Barracudas swimming © Ocean Ark Alliance

© Ocean Ark Alliance

Oceans

Life began in our oceans and these marine wonderlands remain the cornerstone of life on Earth. They feed more than one billion people, deliver more than half the oxygen we breathe, support countless livelihoods and regulate the world's climate.

 

They are fundamental to our everyday lives. It is within our oceans that we find some of the most diverse life on Earth – from the largest animal that has ever lived to the smallest bacteria. And that's just those species that have been identified. Oceanographers believe we know less about our oceans than we do the moon!

 

Our island continent borders three mighty oceans – the Pacific, Indian and Southern oceans – and includes the world's third largest marine territory. Some 85% of Australians live within 50 kilometres of the coast – it’s part of who we are – but we so often take our oceans for granted. Keeping our marine environments healthy protects their astounding biodiversity.

 

As WWF-Australia is demonstrating, it also supports the many people who depend upon their riches. Just as life began in our oceans, now, more than ever, the protection of marine environments is imperative to sustain life on Earth.

WWF and Marine

in-the-field

WWF Australia's oceans program reflects the diversity of our marine environment. Our marine conservation work focuses on some of the most spectacular places on Earth, from idyllic tropics to frozen glaciers, and all the incredible wildlife that live there.

Why it matters

Australia's oceans contain some of the richest, most diverse life on Earth, which is why marine conservation in these areas has never been so important. 

 

Threats

  • Overfishing
  • GLOBAL WARMING
  • Pollution & Debris
  •  

    Australia's oceans face myriad threats, which is why the protection of our marine environment is so important. These threats include global warming, overfishing, industrial development and pollution. If we cannot halt and reverse the unsustainable demands on our oceans, then our long-term well-being and prosperity is also threatened. As marine ecosystems decline, meeting the needs of a growing human population will become an even greater challenge.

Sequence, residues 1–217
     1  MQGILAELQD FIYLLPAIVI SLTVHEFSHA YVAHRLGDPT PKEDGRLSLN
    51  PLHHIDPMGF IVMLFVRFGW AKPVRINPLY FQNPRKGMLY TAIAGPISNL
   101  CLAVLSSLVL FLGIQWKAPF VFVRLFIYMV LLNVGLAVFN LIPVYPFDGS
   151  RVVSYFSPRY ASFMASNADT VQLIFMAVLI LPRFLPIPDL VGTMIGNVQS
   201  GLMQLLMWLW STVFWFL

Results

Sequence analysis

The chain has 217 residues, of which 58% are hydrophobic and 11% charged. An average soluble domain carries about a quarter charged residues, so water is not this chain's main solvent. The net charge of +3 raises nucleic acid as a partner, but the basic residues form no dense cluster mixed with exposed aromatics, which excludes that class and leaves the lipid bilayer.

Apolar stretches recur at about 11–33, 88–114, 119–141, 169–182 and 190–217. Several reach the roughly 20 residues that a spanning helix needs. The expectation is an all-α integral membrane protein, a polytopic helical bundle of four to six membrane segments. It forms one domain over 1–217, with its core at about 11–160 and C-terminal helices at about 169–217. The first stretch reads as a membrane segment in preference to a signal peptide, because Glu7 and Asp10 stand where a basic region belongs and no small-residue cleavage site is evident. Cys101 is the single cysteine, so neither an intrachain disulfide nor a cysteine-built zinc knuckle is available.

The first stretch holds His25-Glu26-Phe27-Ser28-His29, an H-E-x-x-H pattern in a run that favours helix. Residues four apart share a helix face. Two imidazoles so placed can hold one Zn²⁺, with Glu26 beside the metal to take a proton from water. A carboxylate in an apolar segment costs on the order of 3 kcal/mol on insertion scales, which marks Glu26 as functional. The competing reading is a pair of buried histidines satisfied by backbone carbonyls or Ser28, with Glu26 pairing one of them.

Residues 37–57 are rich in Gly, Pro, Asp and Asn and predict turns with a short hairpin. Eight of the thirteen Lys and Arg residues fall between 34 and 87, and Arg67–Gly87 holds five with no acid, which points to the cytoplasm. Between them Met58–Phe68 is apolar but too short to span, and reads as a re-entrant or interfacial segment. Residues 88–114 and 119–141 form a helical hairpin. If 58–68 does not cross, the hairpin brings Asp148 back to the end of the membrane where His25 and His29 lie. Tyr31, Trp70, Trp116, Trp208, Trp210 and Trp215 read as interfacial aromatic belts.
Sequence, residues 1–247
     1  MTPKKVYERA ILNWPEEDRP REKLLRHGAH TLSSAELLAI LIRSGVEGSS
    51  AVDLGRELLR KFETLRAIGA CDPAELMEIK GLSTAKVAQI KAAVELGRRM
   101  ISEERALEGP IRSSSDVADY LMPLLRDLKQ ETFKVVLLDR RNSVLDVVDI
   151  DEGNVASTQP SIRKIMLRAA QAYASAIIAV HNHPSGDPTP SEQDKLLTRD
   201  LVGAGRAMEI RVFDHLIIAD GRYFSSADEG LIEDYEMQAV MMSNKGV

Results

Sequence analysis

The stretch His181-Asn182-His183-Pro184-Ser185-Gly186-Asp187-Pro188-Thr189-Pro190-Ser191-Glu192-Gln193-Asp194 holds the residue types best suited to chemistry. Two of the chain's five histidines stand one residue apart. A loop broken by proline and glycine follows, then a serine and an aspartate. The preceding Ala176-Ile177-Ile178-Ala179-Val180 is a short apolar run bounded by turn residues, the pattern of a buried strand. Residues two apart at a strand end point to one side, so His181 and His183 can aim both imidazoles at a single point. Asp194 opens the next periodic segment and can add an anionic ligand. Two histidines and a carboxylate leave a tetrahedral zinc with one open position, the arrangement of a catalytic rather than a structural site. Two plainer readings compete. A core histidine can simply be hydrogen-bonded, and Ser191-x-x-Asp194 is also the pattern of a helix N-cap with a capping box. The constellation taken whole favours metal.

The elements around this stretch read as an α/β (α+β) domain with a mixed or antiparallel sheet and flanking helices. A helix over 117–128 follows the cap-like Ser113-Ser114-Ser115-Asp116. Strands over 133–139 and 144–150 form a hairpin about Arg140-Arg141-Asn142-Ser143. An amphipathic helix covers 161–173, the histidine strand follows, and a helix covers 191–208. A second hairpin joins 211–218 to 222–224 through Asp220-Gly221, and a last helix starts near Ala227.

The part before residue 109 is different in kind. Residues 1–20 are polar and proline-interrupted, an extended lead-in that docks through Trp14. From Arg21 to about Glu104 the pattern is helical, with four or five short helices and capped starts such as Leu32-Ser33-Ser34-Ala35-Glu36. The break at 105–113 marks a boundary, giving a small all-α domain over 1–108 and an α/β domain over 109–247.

In 2015, WWF published the Living Blue Planet Report – a global analysis of over 5,000 marine populations and more than 1,200 mammal, bird, reptile and fish species. The report showed that populations had halved in just 40 years, a frightening indication that the fabric of life on Earth is unravelling.


    On the Great Barrier Reef, farm pollution run-off is causing outbreaks of coral-eating crown of thorns starfish, which is making the Reef more susceptible to coral bleaching of the kind that occurred in early 2016.


    In the Kimberley, areas never before protected are finally being considered for marine parks, but zonings and boundaries are questionable.


    The Coral Triangle and its people are at risk from overfishing and unsustainable resource use, and in Antarctica, our delay in tackling dangerous climate change is threatening this wilderness stronghold.

     

    When we look at the fish species most directly tied to human well-being – The fish that constitute up to 60% of protein intake in coastal countries, supporting millions of small-scale Fishers as well as a global multi-billion dollar industry - WE SEE POPULATIONS IN A NOSEDIVE. THE HABITATS THEY DEPEND ON, SUCH AS CORAL REEFS, MANGROVES AND SEAGRASSES, ARE EQUALLY THREATENED.


    Marco Lambertini

    WWF Living Blue Planet Report

    Recommended Reading

    • bg-orange (Species)

    © Sian Breen / WWF-Aus

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